First lit in 1855, the Point Loma Lighthouse escorted maritime traffic into the San Diego Bay until it was decommissioned in 1891. In 1913, to commemorate the 1542 landing of explorer Juan Rodriguez Cabrillo, President Woodrow Wilson set aside a half-acre of the Fort Rosecrans Military Reservation as a national monument. The monument remained under the jurisdiction of the US Army until 1933 when the National Park Service assumed control. Chief landscape architect Thomas Vint oversaw improvements including the construction of a paved road lined by a low wall of stacked igneous rock. The Civilian Conservation Corps made repairs to the lighthouse and Vint landscaped its grounds with naturalistic plantings. The two-mile Bayside Trail was widened, a comfort station was built, and water and sewer systems were installed. A 14-foot tall sandstone statue of Cabrillo designed by Alvaro DeBree for the 1939 Golden Gate International Exposition was moved to Point Loma in 1949.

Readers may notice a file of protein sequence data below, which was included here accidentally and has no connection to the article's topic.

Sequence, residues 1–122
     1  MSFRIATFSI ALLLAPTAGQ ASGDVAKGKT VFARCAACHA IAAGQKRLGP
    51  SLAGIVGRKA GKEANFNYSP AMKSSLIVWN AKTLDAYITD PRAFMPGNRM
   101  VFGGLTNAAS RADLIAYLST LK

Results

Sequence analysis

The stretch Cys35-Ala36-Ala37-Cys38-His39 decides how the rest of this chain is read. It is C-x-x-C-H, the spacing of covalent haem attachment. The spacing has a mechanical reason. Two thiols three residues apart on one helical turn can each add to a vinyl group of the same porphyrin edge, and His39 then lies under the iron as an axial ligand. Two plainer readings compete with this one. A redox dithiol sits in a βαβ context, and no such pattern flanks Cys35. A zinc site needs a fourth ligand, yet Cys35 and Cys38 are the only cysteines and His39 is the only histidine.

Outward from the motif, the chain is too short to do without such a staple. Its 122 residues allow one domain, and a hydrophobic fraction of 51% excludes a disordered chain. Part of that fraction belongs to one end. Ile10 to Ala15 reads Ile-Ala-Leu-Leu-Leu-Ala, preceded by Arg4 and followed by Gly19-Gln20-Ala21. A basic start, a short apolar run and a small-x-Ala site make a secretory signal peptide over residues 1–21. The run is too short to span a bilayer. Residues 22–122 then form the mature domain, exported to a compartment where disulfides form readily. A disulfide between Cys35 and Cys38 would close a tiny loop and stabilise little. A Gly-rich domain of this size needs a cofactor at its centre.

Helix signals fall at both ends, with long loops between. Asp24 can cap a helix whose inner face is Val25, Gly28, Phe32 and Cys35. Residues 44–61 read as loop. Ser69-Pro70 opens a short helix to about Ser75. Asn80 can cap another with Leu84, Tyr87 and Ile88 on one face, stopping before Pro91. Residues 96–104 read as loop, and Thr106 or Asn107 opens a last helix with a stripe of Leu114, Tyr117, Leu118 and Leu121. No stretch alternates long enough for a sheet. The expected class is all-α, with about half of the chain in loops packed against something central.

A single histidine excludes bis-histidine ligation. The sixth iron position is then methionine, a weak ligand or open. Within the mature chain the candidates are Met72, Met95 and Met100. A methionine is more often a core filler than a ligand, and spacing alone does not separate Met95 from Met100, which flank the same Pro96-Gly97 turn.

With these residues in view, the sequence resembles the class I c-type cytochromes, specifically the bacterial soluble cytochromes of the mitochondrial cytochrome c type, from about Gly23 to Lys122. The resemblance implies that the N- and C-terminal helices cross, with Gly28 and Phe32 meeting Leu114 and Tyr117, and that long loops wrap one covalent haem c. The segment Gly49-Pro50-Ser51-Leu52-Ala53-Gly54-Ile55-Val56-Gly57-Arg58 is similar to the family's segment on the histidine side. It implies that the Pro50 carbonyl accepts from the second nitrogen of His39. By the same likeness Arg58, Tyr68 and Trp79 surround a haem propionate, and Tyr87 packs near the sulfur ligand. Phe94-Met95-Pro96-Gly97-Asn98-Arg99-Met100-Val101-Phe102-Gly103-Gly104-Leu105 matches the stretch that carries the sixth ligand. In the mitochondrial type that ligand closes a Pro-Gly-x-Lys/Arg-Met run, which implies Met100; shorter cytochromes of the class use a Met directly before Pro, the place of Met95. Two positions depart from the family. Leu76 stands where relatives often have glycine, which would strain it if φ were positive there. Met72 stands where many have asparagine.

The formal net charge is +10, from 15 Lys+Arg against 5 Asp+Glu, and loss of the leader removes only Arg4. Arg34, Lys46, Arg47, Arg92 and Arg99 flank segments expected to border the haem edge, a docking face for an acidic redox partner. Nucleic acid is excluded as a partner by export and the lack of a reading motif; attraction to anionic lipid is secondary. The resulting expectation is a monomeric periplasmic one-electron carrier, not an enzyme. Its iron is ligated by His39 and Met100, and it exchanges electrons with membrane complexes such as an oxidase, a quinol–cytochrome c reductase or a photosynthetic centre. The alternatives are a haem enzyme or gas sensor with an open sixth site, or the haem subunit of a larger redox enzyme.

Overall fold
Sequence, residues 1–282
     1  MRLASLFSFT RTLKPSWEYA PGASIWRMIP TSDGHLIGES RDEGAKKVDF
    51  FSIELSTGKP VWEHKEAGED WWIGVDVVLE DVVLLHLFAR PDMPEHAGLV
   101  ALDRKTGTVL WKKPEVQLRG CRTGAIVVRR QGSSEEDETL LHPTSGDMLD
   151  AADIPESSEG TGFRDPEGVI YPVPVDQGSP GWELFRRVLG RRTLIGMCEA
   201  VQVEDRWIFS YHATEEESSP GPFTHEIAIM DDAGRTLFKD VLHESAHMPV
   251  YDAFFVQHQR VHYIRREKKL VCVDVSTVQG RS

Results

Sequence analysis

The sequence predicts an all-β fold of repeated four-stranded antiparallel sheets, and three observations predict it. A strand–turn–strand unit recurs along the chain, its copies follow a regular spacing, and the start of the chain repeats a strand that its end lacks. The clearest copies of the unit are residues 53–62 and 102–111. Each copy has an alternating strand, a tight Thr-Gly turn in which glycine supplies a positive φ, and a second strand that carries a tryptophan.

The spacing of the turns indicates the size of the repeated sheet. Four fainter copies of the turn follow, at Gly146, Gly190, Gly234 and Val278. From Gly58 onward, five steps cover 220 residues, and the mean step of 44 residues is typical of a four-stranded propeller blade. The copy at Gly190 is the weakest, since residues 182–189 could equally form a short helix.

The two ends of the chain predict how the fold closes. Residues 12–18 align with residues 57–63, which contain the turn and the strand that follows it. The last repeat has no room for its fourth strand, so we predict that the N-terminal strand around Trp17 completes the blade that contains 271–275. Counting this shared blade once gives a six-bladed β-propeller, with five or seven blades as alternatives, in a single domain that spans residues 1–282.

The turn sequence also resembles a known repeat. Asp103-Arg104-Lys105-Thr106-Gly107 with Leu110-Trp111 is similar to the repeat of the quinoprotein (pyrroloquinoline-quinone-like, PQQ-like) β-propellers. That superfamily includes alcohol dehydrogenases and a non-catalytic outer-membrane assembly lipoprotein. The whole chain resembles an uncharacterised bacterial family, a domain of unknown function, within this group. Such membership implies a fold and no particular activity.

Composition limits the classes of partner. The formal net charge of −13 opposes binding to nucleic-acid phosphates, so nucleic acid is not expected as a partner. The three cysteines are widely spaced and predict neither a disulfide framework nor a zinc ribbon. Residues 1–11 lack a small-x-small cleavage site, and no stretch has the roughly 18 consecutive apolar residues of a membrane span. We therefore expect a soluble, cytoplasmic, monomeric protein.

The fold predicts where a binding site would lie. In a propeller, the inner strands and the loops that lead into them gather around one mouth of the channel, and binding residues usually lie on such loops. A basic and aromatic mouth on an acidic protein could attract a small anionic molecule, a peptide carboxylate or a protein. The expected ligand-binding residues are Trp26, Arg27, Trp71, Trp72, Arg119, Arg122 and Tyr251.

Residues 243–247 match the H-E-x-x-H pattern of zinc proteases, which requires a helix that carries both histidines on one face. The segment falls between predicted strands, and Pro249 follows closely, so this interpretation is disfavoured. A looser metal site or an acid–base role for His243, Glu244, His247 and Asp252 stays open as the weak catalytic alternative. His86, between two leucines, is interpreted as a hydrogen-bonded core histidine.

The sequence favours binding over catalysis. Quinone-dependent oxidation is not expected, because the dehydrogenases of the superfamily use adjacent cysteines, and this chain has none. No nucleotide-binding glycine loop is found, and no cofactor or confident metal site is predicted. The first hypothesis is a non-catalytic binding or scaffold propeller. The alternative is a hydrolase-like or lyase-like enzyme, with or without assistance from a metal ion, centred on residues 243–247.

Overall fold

The park area was enlarged to 144 acres in the 1950s and 1960s to encompass former military installations and to protect rare native coastal sage scrub habitat and rocky-intertidal shoreline. In 1966, a visitor center was built northeast of the restored lighthouse. The DeBree statue, damaged by the ocean air, was replaced with a replica in 1988 and sited on an overlook commanding panoramic vistas. In 2004 a historic cistern was reconstructed and a year later the Lighthouse Assistant Keepers Quarters was rehabilitated. The Cabrillo National Monument was listed in the National Register of Historic Places in 1966.